These are seven albums that I’ve been playing in my room pretty often in the week or two leading up to the end of August, 2007. I originally wrote this post by calling them the “top seven” (which had grown out of a “top five”), but I don’t know if that’s right. My reasons for listening to them at around the same time have little to do with some hierarchical ranking in a personal chart, even if I do like them a lot. A few are actually connected by a thread, a couple by another thread, all threads intertwined – which is just how I like my music and culture.
I may write more about some of these a little later. I have written a whole lot about one of them already. One is “brand” new, most are a little older. But they’re all getting some rotation in my room…
1. M.I.A. – Kala – Should I say anything more about this right now? Nah… [Note written later: For a thorough review of Kala, see the "Track by Track" post of September 9.]
2. Cheb i Sabbah – La Kahena – Should have bought this a while ago, but I finally got it earlier this week. Much of it is great to listen to; some of it is simply brilliant. “Toura Toura” is a song that I can’t get out of my head… Highly danceable electronic…Gnawa music?! I also particularly like the few songs near the end. Very long titles to these, so I’ll just call them what I called them. There is some beautiful music here, mostly Moroccan, some, so I hear, Algerian (though what I recognize is Moroccan). I think I like this even more than Cheb i’s Indian-raga-based discs that I bought some years ago.
3. Sidestepper – 3 am (in beats we trust) – Yeah, still listening to this Colombian electronica and/or traditional Colombian dance music with electronics…with a little reggae mixed in. This is great stuff. I’d buy other Sidestepper albums (I love a few songs that I’ve heard from them) but I can’t find them in any stores. Guess I’ll have to get them by the mail.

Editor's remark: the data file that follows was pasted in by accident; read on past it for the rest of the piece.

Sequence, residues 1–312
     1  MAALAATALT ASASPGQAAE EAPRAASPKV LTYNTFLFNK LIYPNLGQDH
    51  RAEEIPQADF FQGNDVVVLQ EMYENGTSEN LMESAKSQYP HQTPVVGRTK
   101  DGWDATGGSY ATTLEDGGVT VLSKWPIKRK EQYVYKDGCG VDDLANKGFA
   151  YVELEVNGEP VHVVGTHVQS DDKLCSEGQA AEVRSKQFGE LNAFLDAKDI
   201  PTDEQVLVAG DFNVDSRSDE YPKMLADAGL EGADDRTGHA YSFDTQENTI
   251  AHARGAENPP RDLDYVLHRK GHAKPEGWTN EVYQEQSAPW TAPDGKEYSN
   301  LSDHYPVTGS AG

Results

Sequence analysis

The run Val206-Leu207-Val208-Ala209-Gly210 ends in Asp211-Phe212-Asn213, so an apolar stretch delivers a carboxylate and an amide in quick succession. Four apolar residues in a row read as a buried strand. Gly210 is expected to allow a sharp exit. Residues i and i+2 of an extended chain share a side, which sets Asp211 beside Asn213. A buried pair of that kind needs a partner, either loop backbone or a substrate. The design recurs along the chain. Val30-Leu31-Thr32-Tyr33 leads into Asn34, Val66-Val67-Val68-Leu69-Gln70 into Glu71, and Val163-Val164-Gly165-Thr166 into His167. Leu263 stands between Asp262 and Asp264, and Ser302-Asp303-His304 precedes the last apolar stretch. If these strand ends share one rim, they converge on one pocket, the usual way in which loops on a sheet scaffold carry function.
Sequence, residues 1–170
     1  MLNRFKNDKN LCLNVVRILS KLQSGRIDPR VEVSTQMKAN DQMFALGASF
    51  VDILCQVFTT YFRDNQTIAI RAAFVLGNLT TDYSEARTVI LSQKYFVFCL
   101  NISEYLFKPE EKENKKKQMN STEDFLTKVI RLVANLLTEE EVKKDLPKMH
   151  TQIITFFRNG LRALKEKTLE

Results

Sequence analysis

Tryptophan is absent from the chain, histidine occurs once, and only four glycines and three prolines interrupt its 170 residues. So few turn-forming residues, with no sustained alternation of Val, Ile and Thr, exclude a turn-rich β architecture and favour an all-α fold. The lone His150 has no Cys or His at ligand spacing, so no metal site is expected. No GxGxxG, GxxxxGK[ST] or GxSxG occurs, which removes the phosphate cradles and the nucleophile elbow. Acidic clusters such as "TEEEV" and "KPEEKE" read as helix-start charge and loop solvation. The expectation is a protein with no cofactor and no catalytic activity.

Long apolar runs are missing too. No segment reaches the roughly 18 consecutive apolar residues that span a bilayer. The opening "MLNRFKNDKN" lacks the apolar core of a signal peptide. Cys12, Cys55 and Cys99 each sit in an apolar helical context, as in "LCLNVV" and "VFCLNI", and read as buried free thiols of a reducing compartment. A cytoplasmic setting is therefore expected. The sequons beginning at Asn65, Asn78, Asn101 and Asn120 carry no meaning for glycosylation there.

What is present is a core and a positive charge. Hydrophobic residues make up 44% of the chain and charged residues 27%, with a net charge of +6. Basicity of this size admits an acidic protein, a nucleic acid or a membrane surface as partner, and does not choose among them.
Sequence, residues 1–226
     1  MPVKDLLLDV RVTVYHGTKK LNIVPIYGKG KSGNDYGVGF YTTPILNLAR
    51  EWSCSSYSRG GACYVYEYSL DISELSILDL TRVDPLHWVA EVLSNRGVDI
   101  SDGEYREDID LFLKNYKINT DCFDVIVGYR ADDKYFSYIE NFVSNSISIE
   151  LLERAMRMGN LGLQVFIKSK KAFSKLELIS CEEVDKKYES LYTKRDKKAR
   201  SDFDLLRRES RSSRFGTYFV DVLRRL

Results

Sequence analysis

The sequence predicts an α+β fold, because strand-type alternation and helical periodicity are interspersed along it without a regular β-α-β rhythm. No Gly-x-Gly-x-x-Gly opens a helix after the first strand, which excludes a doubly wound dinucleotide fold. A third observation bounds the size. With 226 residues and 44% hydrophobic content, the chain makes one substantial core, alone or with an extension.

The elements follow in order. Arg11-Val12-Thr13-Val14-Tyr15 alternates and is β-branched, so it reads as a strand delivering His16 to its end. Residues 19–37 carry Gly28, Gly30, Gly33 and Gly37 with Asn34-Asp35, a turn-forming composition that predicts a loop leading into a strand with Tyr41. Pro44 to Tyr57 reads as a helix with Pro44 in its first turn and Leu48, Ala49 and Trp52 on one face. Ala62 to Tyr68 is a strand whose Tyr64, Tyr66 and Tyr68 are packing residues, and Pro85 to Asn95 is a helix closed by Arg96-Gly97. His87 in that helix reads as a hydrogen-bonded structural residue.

4. Cheb i Sabbah – La Ghriba: La Kahena Remixed – I just got this a little while ago today, so I don’t know if it’s fair to put it in my “top seven” list. But I know I’ll be playing it very frequently. This is probably the album that a lot of people who like Cheb i Sabbah are listening to right now. I think I still like the original more, but I’m sure this will grow on me. It is less wonderfully dreamlike than much of La Kahena, but overall, it is quite good. (Styles identified on the back: “bhangra…Moroccan street rap…trance…dub - yep…) Most familiar names among the remixers are probably DJ Sandeep Kumar (who does some bangin’ bhangra), Temple of Sound (can’t go wrong with those guys – they’re from Transglobal Underground) and the ubiquitous Bill Laswell – who did something else I’ll mention in a second here…
5. Sussan Deyhim – Shy Angels – Reconstruction and Mix Translation of “Madman of God” by Bill Laswell – I wrote this up briefly in my other blog a few months ago, when I found it in a used record store. The title on the cover is a little confusing – it’s Laswell who’s doing the “mix translation” of material done by Deyhim. I said before that I didn’t remember who Sussan Deyhim was. But I should have remembered. Of course… She sang for Loop Guru, did some great stuff on the first Loop Guru album, Duniya. She’s another one who mixes some very old styles (in this case, Persian) with advanced electronica. The electronic styles I hear in this range from Laswell-type ambient dub to jungle (definitely some jungle beats in this - though maybe some people would call it drum’n'bass)… Her singing often reminds me of Lisa Gerrard from Dead Can Dance - but that makes sense since Deyhim is doing interpretations of “divine love poems” by “Persian sufi masters” and Lisa Gerrard drew upon the same inspiration, once even doing a gorgeous number listed as an ”ancient Persian love song.”
6. La grande Vedette Malienne Kandja Kouyaté et l’Ensemble Instrumental du Mali - All right, one album I’m not playing on my stereo. As I mentioned in my last post, I got this from Awesome Tapes from Africa. And I’ve listened to it on my compuer many times ths past week. Addictive and captivating.
7. Phat Global (Palm Pictures comp.) – Hard to believe this goes all the way back to 1999… I also bought it used several months ago. I’ve brought it out again because it contains Sidestepper’s “Logozo,” which was their breakthrough dance record. Other good stuff here includes something by Sly and Robbie and a Thievery Corporation remix of Baba Maal. This is a nice comp., despite the terrible title. And it is all over the map.
[P.S. Albums are one thing... But I've also been listening to some mixes a lot lately. Those have more dubstep and dancehall. I'll get back to those sometime later too.]